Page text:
Here, the SSRI whirlwind with the catchphrase "depression is a common cold of the mind" came to a halt. At the same time, the number of suicides in Japan also decreased: in 2014, the number finally fell below 30,000.

Before this, SSRI prescriptions in the E.U. and the USA had been drastically reduced since around 2004, after the media had raised the issue of SSRIs several times.

However, between 2004 and 2012, the 'SSRI whirlwind' blew over in Japan, and SSRIs continued to be the most prescribed drugs in the world. Remarkably, the use of SSRIs in Japan was twice as high as in the USA and twice as high as in the E.U.

In Japan, SSRIs were marketed not only to psychiatrists but also to general physicians, and at their peak, SSRIs were prescribed to 2.6 million patients yearly.

SSRIs were easily prescribed to patients with minor mood swings under the invented indication of "social anxiety disorder." They were also aggressively prescribed for panic disorder, obsessive-compulsive disorder, and PTSD.

● Doctors who were considered experts were those in the industry.

In 2010, Dr. Tatsuichiro Tomitaka, head of the mental health department at the Panasonic Health Insurance Union, wrote a book entitled "Why the number of people with depression has increased." It is about the increase in patients with depression due to pharmaceutical company commercials and disease awareness raising saying that "depression is a common cold of the mind," as I learned in the book, "drugs cause 80% of depression". Why are more people suffering from depression?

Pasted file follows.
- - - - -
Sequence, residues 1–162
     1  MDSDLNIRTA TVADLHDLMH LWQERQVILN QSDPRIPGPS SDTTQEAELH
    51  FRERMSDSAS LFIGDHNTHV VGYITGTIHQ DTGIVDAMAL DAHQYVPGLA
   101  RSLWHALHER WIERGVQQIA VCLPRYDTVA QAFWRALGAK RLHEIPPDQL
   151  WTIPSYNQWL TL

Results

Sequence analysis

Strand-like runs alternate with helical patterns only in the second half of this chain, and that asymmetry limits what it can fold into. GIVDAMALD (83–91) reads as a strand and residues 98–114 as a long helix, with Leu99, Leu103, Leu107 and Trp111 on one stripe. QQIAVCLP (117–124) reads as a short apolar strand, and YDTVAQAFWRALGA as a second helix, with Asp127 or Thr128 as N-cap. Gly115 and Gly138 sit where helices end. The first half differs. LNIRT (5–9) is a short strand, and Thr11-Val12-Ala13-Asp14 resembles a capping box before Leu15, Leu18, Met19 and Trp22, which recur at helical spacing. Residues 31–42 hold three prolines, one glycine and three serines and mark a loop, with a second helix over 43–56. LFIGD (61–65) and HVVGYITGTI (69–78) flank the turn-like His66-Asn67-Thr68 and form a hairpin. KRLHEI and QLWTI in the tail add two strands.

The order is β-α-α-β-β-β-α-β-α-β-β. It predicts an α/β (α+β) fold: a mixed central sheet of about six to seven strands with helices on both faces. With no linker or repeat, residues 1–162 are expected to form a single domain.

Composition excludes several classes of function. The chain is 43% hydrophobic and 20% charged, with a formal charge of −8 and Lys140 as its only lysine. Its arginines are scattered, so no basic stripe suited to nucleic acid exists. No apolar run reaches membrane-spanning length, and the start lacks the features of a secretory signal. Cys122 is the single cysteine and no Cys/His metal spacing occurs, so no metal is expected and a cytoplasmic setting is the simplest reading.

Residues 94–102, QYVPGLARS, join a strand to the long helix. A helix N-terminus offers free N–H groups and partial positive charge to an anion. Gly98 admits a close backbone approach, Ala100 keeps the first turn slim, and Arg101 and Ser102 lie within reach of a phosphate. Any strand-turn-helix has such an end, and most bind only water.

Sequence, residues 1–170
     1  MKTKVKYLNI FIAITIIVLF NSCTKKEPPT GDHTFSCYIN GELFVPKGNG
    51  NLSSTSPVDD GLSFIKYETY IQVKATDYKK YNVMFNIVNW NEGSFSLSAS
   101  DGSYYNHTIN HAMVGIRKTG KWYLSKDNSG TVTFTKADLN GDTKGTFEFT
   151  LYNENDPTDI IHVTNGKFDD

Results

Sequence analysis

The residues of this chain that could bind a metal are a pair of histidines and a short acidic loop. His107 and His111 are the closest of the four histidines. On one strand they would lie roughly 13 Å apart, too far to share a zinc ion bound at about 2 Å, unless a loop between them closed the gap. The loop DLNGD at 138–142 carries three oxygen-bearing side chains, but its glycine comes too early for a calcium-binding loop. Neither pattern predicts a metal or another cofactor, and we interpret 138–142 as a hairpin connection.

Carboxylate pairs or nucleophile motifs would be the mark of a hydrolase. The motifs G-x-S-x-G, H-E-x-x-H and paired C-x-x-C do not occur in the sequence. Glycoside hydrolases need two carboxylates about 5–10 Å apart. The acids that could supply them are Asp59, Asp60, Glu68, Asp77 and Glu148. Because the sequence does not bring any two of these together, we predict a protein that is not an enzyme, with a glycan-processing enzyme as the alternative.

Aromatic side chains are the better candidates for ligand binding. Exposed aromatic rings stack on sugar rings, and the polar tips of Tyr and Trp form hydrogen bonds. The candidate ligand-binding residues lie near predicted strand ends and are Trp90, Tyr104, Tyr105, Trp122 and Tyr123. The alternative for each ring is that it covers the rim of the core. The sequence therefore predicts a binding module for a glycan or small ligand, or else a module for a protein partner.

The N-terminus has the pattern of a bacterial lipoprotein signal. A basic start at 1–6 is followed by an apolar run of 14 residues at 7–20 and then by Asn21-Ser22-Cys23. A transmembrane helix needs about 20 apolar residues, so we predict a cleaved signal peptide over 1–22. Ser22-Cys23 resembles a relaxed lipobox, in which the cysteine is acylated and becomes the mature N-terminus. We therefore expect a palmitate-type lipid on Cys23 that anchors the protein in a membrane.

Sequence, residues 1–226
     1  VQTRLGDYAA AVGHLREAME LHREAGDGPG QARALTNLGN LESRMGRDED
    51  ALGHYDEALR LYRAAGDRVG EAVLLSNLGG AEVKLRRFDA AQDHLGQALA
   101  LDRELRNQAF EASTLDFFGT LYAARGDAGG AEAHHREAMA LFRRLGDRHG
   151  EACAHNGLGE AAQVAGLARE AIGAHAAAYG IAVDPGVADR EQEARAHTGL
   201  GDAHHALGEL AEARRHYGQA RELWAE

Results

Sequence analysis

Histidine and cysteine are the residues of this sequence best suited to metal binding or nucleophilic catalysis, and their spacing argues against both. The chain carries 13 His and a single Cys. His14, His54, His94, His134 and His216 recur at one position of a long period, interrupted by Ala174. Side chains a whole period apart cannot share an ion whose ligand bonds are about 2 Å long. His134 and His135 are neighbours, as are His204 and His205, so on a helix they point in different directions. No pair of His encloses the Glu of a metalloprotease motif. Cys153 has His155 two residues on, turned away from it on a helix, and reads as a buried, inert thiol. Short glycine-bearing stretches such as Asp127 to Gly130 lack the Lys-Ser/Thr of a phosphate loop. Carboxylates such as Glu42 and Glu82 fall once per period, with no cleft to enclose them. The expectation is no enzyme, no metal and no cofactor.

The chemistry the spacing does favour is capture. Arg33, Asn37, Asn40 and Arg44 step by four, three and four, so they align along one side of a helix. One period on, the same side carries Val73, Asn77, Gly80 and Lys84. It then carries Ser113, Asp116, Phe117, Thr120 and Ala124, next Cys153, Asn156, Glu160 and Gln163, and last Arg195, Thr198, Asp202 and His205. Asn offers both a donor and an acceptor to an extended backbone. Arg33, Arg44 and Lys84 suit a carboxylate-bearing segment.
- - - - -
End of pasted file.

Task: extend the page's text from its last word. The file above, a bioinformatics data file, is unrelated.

The book 'Why the number of people with depression has increased' methodically discusses the significance of the increase in depression from 440,000 in 1999 to 1,040,000 in 2008, as well as questions about SSRIs.

Dr. Tomitaka did not discuss this at the conference but published the book out of the blue and directly questioned public opinion, which caused a sensation and was also criticized. The criticism was, "Shouldn't the experts have discussed this among themselves before asking the public opinion?"

Dr. Tomitaka responded that 'experts are in the industry, so it may be difficult to discuss issues that concern the interests of the industry.'

This reply by Dr. Tomitaka can mean that the words imply severe pharmaceutical money contamination of doctors in expert and leadership positions who also condone disease busting.

Of course, the doctors considered experts and leaders in leadership positions were aware of the danger of increased suicides caused by SSRIs.

The 'over 30,000 suicides in Japan' due to SSRIs is the kind of drug disaster that makes the thalidomide case seem small-scale.

However, SSRIs are still used in 30% of patients with depression and are prescribed to many patients with PTSD, panic disorder, social anxiety disorder, and obsessive-compulsive disorder.

My drug trial with Eli Lilly was motivated by my grief at Eli Lilly's insistence in Professor David Healy's book that suicide is not caused by Prozac but by the disease of depression.